Influence of the Study in the 1990s on Curriculum reform in Kindergarten and Elementary School

The study was conducted as a joint research project of UNICEF and the Ministry of Education of China. It has affected the philosophy and practice of educational institutions, particularly the curriculum reform of kindergartens (including preschool classes) and of elementary schools, through a process of formulating and implementing education policies. It was found that a set of regulations, provisions, and policies formulated by the Ministry of Education from the mid-1990s have played a guiding role in the curriculum reform of kindergartens and elementary schools, and the result of this study coincided with those in various fields. The details are as follows.

(1) In terms of education philosophy, teachers are requested to focus on children's development and subjective activities.

Since the Reform and Open-Door Policy was implemented during the last century, Mainland China has started emphasizing the concept of "child development" in the education reform of junior high schools, elementary schools, and kindergartens. Governmental supervisory authority in education started advocating a philosophy that makes child development the basis for reform. The idea is to be directly linked with teachers' awareness and activities through teacher education and education practice.

For instance, in the "regulations concerning kindergarten business" issued in 1996, the Ministry of Education clearly defined that kindergarten education must: "follow the developmental mechanisms of children's mind and body; be suitable for the age of children; focus on individual differences; be provided through different approaches depending on the children; and guide children to develop their personalities soundly." Kindergarten "should provide play-based education through various activities." "Educational activities of kindergarten should set goals and plans to guide children to act independently and energetically. Multidimensional educational processes must be implemented." Listening to the government's policy and the mainstream public opinion after 10 years of publicity and education, they oppose kindergarten education for older children or preschool classes becoming like elementary school education, and emphasize the importance of children's self-motivated exploration and learning.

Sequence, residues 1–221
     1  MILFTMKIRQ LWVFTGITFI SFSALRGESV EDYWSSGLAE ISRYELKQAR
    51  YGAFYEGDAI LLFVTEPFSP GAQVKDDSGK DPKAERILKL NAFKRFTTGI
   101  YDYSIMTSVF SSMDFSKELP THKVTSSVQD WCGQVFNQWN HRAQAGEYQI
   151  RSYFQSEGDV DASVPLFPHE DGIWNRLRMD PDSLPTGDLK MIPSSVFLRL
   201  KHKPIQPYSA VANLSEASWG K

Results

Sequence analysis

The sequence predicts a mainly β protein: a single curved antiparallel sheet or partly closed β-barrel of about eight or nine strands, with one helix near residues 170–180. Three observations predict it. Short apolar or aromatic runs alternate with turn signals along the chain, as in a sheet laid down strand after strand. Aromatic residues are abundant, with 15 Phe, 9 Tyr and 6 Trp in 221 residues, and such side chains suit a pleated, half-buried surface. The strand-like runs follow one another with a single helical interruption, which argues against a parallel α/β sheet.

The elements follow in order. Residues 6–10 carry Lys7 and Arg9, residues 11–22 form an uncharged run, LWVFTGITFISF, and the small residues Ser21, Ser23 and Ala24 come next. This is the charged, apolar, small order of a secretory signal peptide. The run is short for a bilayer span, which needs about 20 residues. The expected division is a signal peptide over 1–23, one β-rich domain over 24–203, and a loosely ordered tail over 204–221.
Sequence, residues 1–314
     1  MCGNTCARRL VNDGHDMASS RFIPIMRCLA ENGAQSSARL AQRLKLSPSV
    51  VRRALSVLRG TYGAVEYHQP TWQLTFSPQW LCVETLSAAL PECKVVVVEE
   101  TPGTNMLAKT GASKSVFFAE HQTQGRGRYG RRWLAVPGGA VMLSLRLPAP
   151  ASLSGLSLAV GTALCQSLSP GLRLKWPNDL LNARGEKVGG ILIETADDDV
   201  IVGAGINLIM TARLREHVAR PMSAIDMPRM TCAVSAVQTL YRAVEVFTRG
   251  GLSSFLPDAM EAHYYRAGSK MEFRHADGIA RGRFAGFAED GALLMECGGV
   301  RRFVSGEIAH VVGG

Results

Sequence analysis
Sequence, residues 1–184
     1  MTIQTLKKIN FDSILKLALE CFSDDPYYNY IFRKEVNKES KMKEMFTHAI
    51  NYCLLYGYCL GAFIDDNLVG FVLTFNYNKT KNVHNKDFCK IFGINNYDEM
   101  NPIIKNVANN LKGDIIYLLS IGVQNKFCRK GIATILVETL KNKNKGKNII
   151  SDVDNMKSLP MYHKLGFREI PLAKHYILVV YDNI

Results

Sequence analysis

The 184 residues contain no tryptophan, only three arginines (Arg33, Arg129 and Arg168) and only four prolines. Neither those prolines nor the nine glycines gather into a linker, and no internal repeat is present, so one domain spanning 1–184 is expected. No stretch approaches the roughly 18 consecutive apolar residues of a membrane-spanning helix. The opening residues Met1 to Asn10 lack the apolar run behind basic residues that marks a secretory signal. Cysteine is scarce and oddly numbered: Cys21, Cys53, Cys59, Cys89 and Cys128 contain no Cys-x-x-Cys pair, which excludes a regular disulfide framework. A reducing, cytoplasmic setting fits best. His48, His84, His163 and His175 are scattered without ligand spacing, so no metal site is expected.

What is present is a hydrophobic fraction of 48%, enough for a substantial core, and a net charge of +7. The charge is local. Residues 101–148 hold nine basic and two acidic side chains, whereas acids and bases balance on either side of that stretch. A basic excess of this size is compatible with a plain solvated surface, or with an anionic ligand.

(2) Reform of preschool curriculum and early elementary school program
Since the preschool curriculum was regulated altogether by the government, the reform was implemented so that each kindergarten could decide its own curriculum. The curriculum has been changed from traditional subjects such as "language," "physical education" "music," "fine arts," "general knowledge," and "mathematics" to five major subjects including "language," "science," "social studies," "art," and "health education." Integration and overlap among these subjects were also encouraged. "Ethics for living" has been included in the early elementary school curriculum. Children's life experience was given importance and incorporated into the preschool curriculum.

(3) Emphasis on play and focus on social adaptivity such as affect and attitude
Play is emphasized in kindergarten and preschool classes. The essence of play has also been incorporated into the subject "ethics for living" in the elementary school curriculum. Teachers are expected to provide younger schoolchildren with education in the same way as in kindergarten (i.e., play-based general education). During the class, teachers should focus on the development of children's social affect and attitude. In doing so, children are able to adjust to elementary school, and this will also have a favorable influence on young children's life development.

A Different Viewpoint on "The Transition from Kindergarten to Elementary School"

The results of "The Study on the Transition from Kindergarten to Elementary School" conducted during the 1990s played a role in promoting the education reform of preschools, elementary schools, and junior high schools at that time. At the same time, it was considered to be in opposition to the educational philosophy of the day that underestimated children's ability and social affect due to an exclusive devotion to academic performances. It also played a guiding role in solving the problems with the transition from kindergarten to elementary school through education practice.

Ten years have passed since then, and China is facing changes in social culture and its economic situation. The social interests at stake and problems that must be solved have also changed.